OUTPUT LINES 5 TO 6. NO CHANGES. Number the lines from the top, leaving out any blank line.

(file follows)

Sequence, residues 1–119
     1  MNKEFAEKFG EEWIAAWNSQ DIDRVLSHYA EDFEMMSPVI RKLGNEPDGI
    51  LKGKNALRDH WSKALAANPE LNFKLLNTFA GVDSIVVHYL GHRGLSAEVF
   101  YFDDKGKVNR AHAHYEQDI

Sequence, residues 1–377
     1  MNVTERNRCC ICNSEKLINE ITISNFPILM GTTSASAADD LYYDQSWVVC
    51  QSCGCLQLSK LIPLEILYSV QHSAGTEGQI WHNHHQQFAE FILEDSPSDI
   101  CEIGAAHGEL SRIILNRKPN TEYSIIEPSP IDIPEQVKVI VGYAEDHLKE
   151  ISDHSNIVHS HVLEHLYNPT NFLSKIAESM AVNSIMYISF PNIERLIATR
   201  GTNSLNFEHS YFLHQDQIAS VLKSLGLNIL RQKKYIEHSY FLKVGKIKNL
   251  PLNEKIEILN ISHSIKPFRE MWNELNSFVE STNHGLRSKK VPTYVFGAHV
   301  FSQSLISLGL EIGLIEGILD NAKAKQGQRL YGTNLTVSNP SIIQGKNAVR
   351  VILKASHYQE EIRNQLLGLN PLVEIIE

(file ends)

Sequence, residues 1–377
     1  MNVTERNRCC ICNSEKLINE ITISNFPILM GTTSASAADD LYYDQSWVVC